The Lost River Range is a fault-block mountain range on the northeastern edge of the Basin and Range Province. Like Basin and Range Mountains in other states such as Utah and Nevada, these mountains formed one earthquake at a time over millions of years. During the 1983 quake the valley side of the fault dropped 9 feet and the block that includes the Lost River Range rose 6 inches, leaving the offset (scarp) shown in the photos.

The epicenter was located along the fault somewhere between the small towns of Mckay and Challis. Although it was the most energetic earthquake in the lower 48 since the 1959 Hebgen Lake Earthquake in southwestern Montana, there were only two deaths. Two children (ages 6 and 7) were killed in Challis when a brick wall collapsed on them as they walked to school. Shaking was felt in eight states and two Canadian provinces, lasting from 30-60 seconds.

Below: This photo, taken by Bruce Railsback of the University of Georgia, shows a person standing below the Lost River Fault Scarp (near bottom, center of photo). Bruce took the photo in in 1987, four years after the earthquake happened.

Links . . .

Newspaper coverage by the Idaho Statesman

Basin and Range Province (Wikipedia)

Climbing Mt. Borah (aka Borah Peak)

Fault-Block Mountains (Wikipedia)

Saturday, May 25, 2019

Animation of the Night Sky at Your Location

CLICK HERE to go to, set the site to your location (or a nearby city), scroll down to the "Night Sky Map", select a planet to watch, and then click on the play arrow (or FFWD arrow, or scroll bar). You can pause and scroll over stars or other planets to see their names. Pretty dang cool if you ask me! The site provides plenty of other interactive astronomy animations to fiddle around with as well.

Below: This screen shot is an example of what you will see - except it will be in motion. NOTE: The site resets at noon every day, so the best time to check is afternoon.

Thursday, May 16, 2019

Draw the orbits of the planets on your city.

This is a really cool way to help students understand the size of the solar system. Go to this website, and center the map on your city. This can be done entering your latitude and longitude, or you can expand the map* to full screen and then manipulate it so that your city is at the center. Then enter "33223 mm" for the diameter of the Sun - This is how big the Sun would be if the Earth were the size of a standard globe (12 inches in diameter). Finally, select "calculate" and "show orbits".

*If you expand the map to "full screen" you will need to get out of "full screen" to enter the diameter of the Sun.

Below: To see where the planets are right now, go to this website.

Saturday, March 23, 2019

Losing Ground - a documentary about urban sprawl

Maybe we (Earth Science teachers) should spend more time teaching students about soil (the forgotten natural resouce) and help students understand this issue. We lose 175 acres of land to urban sprawl every hour! The documentary will premiere on May 27,2019 and then will be available on the "Angus TV" YouTube Channel after that - Mark your calendar.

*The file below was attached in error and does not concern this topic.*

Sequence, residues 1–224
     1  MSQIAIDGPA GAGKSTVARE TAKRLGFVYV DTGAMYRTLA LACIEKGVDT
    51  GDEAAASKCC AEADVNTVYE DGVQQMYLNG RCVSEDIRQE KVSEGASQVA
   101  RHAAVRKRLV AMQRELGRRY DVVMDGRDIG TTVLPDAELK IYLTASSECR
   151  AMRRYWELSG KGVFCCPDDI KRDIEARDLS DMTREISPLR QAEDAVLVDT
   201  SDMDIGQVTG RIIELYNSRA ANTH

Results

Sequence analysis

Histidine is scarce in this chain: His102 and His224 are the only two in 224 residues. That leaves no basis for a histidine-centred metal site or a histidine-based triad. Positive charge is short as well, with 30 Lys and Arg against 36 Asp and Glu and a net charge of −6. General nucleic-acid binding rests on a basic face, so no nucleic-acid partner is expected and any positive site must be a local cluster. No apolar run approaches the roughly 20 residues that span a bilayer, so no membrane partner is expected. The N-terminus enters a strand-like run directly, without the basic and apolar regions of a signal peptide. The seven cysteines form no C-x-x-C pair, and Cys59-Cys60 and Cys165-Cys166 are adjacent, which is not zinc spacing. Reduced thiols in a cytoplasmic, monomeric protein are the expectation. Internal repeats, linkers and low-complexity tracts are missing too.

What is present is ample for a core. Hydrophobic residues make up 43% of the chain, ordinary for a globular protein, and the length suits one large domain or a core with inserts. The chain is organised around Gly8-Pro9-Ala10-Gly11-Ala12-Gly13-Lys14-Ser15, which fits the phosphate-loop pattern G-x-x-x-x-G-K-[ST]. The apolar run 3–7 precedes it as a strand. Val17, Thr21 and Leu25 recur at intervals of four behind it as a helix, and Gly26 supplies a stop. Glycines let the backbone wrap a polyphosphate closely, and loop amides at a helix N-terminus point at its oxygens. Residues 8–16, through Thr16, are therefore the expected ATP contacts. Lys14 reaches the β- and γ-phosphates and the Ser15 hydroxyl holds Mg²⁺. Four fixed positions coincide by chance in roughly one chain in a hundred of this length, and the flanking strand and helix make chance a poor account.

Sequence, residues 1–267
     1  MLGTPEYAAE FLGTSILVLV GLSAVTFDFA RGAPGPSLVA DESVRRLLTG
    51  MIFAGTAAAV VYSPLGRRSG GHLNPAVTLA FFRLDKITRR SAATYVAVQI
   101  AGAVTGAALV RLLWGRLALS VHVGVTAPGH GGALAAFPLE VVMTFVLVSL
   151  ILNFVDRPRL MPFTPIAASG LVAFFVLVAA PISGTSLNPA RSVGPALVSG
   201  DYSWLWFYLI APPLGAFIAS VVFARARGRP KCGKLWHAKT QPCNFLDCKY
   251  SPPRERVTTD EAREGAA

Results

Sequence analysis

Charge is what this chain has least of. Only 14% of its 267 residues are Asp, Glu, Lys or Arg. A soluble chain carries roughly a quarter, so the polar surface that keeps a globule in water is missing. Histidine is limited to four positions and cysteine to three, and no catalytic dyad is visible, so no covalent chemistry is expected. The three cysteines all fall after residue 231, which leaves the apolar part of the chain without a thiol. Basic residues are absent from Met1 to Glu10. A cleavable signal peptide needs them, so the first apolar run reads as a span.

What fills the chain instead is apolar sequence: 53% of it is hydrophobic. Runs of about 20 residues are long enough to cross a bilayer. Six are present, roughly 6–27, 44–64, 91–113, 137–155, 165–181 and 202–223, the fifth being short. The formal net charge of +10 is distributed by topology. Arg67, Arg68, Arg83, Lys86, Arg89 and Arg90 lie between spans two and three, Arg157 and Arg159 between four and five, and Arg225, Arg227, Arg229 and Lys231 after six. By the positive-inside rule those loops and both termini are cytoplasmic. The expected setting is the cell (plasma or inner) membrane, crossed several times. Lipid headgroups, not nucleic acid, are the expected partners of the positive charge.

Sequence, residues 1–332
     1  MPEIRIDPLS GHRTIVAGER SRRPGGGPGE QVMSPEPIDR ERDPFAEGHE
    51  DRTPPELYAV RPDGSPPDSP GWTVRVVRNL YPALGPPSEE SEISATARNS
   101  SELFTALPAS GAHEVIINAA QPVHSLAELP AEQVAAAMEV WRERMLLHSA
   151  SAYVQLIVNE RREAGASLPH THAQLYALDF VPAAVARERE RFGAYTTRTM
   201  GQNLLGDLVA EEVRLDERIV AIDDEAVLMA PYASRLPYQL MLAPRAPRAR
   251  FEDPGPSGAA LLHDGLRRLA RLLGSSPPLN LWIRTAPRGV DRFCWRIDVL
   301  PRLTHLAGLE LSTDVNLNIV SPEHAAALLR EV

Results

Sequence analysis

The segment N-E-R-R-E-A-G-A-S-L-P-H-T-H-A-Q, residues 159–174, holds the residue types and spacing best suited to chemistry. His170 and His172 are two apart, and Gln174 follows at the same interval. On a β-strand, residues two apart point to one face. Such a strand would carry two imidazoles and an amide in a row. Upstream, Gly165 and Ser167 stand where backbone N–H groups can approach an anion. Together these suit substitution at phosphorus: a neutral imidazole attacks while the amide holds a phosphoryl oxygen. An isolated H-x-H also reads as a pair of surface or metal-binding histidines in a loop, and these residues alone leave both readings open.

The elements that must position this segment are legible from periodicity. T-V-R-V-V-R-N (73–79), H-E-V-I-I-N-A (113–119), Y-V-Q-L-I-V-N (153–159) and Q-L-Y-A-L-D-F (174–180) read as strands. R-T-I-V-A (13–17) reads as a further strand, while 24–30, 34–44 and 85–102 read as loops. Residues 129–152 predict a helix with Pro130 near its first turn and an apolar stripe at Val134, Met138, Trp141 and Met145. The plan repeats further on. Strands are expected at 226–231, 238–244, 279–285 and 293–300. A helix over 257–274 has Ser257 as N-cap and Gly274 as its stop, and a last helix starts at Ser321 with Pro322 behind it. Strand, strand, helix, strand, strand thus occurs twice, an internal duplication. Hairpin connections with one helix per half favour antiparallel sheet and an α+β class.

Friday, March 1, 2019

Kelvin-Helmholtz Clouds Caused by Wind Shear

The right place, at the right time.
This photo of an amazing Kelvin-Helmholtz cloud was taken on January 26, 2019 by Hannah Martin, one of my freshman Earth Science students at Helena High School. She snapped the photo from the Helena Valley, looking west - Mount Helena can be seen on the left, and the distant horizon marks the Continental Divide. Also known as "fluctus" or "billow" clouds, they were named after Lord Kelvin (1824-1907) and Hermann Von Helmholtz (1821-1894) who identified the type of instability responsible for the unique waves. Such clouds are fairly rare, and may only last for a few minutes.

Like wind across water.
The waves form at the boundary between layers of air that have different densities and wind speeds (wind shear). Air in the layer above the cloud is moving faster than air in the layer containing the cloud. Development of waves on the cloudy layer is similar to what happens when waves form on the ocean as wind blows across the water. In the photo the wavy layer is more dense than the clear air flowing above it - just as water is more dense than air blowing over its surface.

Clouds provide a "visual".
The type of motion that causes the wave pattern is actually not that uncommon in the atmosphere, although we usually don't see it. In order for us to see it, clouds must be present in the lower layer (as they were when the photo was taken). We can't see clear air, but we can see clouds. One of the nice things about clouds is they provide clues about the type of motion currently happening in the atmosphere. Want to know more? - Watch the 4.5-minute video below, which includes a great demo.

Term for students to define: wind shear

1. Article - More about KH Clouds

2. Another good article about KH Clouds